Decision Near on Viacom Split

May 30, 2005  •  Post A Comment

Viacom’s board of directors continues to mull over a proposed split of the media giant, and has committed to making a decision by the end of June, Chairman and CEO Sumner Redstone said last week.

“This is a complicated process but we are making good progress,” Mr. Redstone said last Thursday at the company’s annual shareholders meeting.

Viacom earlier this spring announced that it is exploring a possible split of the company, with the cable properties and film studio forming a growth company that would use its stock price to make acquisitions, while the broadcasting, radio and publishing assets would focus more on generating cash that would be used to compensate shareholders in the form of dividends.

The company has committed to reach a decision about the breakup during the second quarter, though some observers expected the decision by now, particularly since Mr. Redstone has said repeatedly that he is committed to splitting his company into two pieces. Should the company stick to its timetable of reaching a decision by the end of June, Mr. Redstone said, he expects the separation to be completed by first quarter 2006.

The idea behind the split is to goose Viacom’s stock price, which has languished for years and was a bone of contention among some shareholders at the company’s annual meeting. Analysts have said that some investors were confused by Viacom’s collection of assets, which include high-growth properties such as MTV Networks and low-growth assets such as CBS and Infinity Broadcasting. By separating out the slow-growth units from the high-growth ones, Viacom’s management believes that investors will flock to the stock that best suits them, driving up the share prices of both companies.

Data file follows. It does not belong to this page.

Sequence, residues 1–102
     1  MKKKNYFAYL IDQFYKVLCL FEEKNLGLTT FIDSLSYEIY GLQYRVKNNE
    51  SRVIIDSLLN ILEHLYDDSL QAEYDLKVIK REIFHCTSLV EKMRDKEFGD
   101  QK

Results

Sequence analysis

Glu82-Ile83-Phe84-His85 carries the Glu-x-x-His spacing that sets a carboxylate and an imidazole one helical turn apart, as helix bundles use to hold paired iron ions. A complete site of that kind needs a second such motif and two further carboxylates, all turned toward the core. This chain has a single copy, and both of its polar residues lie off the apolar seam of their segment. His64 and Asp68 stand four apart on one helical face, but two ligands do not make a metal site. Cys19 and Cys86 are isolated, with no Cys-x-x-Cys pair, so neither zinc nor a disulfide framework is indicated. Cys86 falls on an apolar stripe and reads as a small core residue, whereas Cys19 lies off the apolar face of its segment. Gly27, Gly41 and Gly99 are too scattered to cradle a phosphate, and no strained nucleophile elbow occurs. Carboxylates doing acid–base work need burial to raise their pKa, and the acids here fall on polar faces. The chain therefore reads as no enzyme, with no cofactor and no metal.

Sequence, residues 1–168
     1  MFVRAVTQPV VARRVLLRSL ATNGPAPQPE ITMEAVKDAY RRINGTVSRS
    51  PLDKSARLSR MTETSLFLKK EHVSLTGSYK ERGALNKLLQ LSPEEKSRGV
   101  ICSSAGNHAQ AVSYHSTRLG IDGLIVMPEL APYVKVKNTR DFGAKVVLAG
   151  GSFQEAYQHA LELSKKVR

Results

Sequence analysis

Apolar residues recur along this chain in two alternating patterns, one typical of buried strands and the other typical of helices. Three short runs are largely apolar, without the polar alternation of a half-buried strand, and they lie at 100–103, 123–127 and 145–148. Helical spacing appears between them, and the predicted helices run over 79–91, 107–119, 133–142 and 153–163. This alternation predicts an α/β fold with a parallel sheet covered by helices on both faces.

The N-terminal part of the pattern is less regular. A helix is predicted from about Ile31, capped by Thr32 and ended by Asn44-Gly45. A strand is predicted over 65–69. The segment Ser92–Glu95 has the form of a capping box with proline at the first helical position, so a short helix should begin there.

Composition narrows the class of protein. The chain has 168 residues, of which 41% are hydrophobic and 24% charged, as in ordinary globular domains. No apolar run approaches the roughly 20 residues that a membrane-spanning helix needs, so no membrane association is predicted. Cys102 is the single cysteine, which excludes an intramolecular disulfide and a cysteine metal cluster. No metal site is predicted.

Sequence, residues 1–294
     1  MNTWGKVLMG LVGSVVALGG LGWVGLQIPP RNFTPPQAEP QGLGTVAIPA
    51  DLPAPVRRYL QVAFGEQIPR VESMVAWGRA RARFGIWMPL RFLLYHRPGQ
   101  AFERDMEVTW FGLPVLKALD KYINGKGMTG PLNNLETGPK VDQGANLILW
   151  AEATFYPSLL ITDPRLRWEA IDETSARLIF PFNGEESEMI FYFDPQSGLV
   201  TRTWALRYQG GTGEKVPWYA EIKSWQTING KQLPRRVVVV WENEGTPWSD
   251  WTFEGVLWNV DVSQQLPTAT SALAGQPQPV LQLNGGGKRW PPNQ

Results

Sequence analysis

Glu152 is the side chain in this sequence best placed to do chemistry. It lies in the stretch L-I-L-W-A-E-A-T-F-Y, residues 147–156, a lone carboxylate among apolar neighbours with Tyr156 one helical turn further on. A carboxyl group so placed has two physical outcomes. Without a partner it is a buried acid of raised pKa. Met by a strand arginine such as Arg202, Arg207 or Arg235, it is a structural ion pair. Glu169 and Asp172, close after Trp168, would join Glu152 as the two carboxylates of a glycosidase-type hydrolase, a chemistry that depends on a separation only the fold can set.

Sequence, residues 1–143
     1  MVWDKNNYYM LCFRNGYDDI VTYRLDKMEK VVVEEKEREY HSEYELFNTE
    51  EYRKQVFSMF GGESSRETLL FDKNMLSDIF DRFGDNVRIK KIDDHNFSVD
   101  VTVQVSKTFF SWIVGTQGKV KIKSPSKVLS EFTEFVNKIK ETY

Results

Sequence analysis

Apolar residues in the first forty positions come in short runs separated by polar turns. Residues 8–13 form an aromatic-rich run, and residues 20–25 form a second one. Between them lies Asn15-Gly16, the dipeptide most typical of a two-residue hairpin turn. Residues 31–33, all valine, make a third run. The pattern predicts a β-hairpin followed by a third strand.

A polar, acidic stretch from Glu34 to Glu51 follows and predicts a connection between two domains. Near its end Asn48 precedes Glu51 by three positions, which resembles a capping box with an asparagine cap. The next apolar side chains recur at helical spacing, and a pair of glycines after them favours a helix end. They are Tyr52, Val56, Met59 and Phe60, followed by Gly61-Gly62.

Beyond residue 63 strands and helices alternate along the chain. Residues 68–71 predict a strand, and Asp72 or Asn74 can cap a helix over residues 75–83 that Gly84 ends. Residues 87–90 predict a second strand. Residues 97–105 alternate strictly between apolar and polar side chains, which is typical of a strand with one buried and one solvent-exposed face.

“Returning value to shareholders is what we’re talking about,” Mr. Redstone said, noting that he, too, was frustrated with Viacom’s lackluster stock price and the apparent disconnect between Viacom’s operating performance and the price of its widely held Class B shares, which are off more than 4 percent since the start of the year.

Meanwhile, Viacom Co-President and Co-Chief Operating Officer Leslie Moonves told shareholders that the weak ratings performance of NBC has led to “hundreds of millions of dollars” of advertising spending that’s up for grabs during this year’s upfront selling period, and “CBS is positioned to take the lion’s share.”

Another matter widely discussed at the meeting was the ongoing labor dispute between the Writers Guild of America and CBS. Several members of the union criticized Viacom management for advocating a pay cut for WGA members at a time when the company appears to be continuing to grow. Mr. Moonves said both sides are scheduled to meet June 27.

In administrative matters at the meeting, shareholders overwhelmingly elected the slate of board members up for election, appointed PriceWaterhouseCoopers as independent auditor and voted to raise director compensation to levels more commensurate with comparable companies.